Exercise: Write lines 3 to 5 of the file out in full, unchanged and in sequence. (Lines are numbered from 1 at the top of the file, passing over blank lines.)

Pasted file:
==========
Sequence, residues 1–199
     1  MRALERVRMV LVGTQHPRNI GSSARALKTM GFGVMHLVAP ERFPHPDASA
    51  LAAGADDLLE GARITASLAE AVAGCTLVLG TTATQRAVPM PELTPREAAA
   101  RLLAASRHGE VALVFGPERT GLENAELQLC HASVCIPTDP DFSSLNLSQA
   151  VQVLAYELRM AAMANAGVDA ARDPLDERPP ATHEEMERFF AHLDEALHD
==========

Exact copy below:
    51  LAAGADDLLE GARITASLAE AVAGCTLVLG TTATQRAVPM PELTPREAAA
   101  RLLAASRHGE VALVFGPERT GLENAELQLC HASVCIPTDP DFSSLNLSQA
   151  VQVLAYELRM AAMANAGVDA ARDPLDERPP ATHEEMERFF AHLDEALHD